Picture this scenario: You have finished a grueling interview process. After days of studying and fielding questions in front of the mirror, you finally get the offer. The job is a perfect fit for you, the salary looks great, and you even get some nice benefits! On your first day, your HR representative asks if you want to take advantage of the company’s 401(k) plan. Immediately questions come to mind. Should I? What are my options? What in the world is this “Roth” word I keep hearing about?
Answering these questions may be as important a step in setting yourself up for a successful financial future as landing the job in the first place. The landscape of retirement accounts is broad, but we are going to focus on two of the most common retirement plans: the 401(k) plan and the IRA, or Individual Retirement Arrangement (usually simply referred to as an Individual Retirement Account). You can think of these as two buckets for your retirement funds. Your 401(k) is a benefit made available to you via your employer, while an IRA is an account you will have to set up yourself. There are some important distinctions to understand.
401(k) plans, unlike traditional defined-benefit pension plans, are ‘defined contribution’ retirement savings plans. The name “401(k)” is a reference to the section of the tax code that permits this type of plan. As an employee, your 401(k) allows you to defer a portion of your salary (up to $22,500 in 2023, or $30,000 if you are over 50) directly to the plan rather than receive it as current income. On top of that, some employers will also contribute to the plan, offering to “match” contributions you make up to a specified amount. Yes, this is often as good as it sounds! As a young investor, you should always try to contribute at least enough to receive the full match offered by your company. It is free money. As long as you work for the company you can continue to contribute funds to the plan. And if you choose to decide at any point to leave, you can take the funds with you by “rolling over” the funds into another 401(k) plan or an IRA. But this raises the question, what is an IRA?
IRAs, unlike 401(k)s, are independent of your employer. You can contribute up to a certain amount of any “earned income” you report ($6,500 in 2023 or $7,500 if you are over 50) to your IRA. These contributions may or may not be tax-deductible, depending on your overall income and participation in other retirement plans. But unlike a 401(k), your IRA is always available to you.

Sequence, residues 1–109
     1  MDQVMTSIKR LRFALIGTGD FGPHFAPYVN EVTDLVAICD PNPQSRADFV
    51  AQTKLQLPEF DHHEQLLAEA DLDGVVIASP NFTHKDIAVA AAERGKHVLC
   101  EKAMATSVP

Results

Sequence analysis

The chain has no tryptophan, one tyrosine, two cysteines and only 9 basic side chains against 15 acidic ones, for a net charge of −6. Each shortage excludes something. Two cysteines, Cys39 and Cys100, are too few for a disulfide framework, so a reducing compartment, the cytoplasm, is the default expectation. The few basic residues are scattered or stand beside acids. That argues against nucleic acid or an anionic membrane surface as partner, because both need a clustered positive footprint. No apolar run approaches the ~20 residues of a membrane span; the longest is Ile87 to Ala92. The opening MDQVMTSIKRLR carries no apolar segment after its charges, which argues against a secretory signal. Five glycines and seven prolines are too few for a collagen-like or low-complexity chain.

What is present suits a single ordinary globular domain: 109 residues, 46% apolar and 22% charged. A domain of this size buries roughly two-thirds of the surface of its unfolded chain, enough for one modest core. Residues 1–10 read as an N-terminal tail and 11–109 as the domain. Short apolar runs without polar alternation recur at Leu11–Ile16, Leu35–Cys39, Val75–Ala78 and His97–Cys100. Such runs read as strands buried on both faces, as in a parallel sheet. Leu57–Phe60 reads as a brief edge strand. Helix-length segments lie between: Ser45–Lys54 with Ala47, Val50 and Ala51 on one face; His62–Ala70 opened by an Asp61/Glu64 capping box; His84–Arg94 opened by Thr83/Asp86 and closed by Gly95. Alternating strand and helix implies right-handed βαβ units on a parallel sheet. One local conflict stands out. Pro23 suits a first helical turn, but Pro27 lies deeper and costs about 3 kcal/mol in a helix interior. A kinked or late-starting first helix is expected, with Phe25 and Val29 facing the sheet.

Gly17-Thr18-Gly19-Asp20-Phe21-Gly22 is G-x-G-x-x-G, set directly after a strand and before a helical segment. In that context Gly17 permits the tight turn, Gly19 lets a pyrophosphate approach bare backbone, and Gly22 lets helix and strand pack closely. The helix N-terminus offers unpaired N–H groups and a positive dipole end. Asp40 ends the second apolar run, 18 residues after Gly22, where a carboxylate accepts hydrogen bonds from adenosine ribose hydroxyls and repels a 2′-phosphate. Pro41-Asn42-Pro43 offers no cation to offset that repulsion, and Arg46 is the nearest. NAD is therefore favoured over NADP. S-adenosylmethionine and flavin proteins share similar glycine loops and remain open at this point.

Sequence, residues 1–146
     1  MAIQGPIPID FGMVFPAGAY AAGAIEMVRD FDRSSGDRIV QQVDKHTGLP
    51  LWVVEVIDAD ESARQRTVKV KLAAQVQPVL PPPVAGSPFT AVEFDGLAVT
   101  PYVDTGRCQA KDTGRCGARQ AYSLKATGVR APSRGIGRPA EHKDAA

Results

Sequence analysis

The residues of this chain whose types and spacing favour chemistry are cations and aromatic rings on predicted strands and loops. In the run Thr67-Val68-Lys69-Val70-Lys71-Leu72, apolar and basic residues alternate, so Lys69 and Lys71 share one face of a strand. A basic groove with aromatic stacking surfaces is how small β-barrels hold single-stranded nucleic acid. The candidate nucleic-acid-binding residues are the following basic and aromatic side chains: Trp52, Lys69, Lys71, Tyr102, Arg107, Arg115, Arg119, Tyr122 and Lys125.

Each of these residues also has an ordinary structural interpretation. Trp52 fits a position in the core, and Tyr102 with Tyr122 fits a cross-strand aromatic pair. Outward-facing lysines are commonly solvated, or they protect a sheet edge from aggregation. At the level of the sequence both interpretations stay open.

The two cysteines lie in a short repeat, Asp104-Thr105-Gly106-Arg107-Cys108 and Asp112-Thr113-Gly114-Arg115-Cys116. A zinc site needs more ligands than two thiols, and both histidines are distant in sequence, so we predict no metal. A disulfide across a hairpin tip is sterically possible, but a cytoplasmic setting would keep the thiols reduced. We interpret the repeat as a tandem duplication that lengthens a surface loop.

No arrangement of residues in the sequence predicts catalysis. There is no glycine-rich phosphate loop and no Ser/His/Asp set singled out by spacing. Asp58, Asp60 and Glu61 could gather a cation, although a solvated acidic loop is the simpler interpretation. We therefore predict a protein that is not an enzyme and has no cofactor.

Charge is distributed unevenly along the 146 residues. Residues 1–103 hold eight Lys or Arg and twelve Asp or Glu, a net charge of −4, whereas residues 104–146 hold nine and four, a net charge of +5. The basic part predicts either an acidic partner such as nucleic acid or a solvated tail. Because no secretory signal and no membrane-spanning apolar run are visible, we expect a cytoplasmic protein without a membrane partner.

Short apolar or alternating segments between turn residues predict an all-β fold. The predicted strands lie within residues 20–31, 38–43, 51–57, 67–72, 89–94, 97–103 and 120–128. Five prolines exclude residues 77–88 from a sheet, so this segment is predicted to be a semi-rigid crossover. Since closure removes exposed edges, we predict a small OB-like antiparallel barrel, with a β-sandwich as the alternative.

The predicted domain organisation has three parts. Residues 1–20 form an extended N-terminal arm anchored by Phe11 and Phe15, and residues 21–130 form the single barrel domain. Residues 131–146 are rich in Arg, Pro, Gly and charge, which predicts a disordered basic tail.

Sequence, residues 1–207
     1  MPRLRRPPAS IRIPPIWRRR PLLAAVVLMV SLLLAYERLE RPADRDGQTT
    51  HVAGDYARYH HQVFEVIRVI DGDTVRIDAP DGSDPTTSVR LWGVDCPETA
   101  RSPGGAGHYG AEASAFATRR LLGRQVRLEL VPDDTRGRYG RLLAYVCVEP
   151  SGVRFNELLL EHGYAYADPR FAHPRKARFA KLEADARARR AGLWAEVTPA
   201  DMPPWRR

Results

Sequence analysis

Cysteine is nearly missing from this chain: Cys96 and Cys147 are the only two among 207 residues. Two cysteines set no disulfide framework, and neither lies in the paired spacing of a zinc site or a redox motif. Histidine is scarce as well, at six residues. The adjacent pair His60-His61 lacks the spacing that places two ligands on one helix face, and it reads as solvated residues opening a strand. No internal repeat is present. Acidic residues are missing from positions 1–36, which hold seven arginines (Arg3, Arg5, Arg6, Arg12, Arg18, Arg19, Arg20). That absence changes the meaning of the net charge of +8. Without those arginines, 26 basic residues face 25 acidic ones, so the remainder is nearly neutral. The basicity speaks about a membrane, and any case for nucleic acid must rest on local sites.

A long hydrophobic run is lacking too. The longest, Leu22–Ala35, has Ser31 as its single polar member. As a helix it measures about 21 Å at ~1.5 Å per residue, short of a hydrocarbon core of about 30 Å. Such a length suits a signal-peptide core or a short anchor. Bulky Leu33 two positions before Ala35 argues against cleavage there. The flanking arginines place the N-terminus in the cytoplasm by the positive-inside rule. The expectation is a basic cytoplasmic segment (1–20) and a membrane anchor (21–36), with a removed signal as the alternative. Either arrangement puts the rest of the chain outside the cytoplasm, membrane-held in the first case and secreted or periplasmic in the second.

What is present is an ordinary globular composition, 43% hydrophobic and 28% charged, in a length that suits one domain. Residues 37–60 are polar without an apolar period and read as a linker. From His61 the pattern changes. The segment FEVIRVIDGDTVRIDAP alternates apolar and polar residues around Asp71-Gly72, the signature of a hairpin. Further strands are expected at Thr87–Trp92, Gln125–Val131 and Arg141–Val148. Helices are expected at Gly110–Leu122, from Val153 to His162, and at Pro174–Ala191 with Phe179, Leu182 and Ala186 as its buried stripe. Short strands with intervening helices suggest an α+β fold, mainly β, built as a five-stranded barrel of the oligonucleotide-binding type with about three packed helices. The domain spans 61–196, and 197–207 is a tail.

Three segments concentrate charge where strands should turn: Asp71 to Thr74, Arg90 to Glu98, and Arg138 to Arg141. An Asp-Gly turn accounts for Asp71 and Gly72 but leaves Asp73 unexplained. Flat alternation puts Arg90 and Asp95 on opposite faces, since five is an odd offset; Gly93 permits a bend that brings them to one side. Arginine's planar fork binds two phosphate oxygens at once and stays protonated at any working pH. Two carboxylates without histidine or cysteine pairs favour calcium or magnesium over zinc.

So now you understand the differences between buckets for your nest egg. Next, you will need to consider tax options and choices you have regarding your contributions, because not all contributions are treated the same. In broad strokes, you will typically be deciding between traditional and “Roth” contributions for both accounts. So, what is the difference?
Traditional contributions are pre-tax funds. That means you contribute these funds before paying tax on the income you defer or contribute. Once in your 401(k) or IRA, your retirement savings grow free of current taxes. But isn’t this too good to be true? I can contribute funds to this account and never pay taxes? Unfortunately, that is not the case. Uncle Sam always gets paid. Once you retire, any distributions you take from your IRA or 401(k) that were funded with pre-tax money will count as fully-taxable (“earned”) income on your tax return. In the meantime, though, you are able to shield returns from your retirement savings from taxes, which is a huge benefit!
“Roth” contributions, on the other hand, are post-tax contributions. That is, you pay taxes up front on the amounts deferred or contributed to a Roth retirement account. So why would you do that? Here’s why that might make sense. Since you pre-paid the tax, not only do these funds grow tax free; withdrawals of both principal as well as earnings can be withdrawn completely free of tax in retirement.
The main difference between contribution types comes down to when you pay taxes. That choice, however, can also have a big impact on how much you pay in taxes over time. Generally, the higher your income tax bracket is today versus what you expect it to be in retirement, the more likely you are to benefit from making pre-tax contributions. On the other hand, if your tax rate in retirement is likely to be the same or higher than it is currently, the more likely you are to benefit from making Roth contributions.
When thinking about retirement, both where and how you are contributing your hard-earned dollars are important considerations. One day, these dollars are what will eventually support your future. An advisor at Griffin Black can help you not only understand the type of account to be contributing to (401(k) or IRA) but also if contributions should be pre or post tax (traditional or Roth).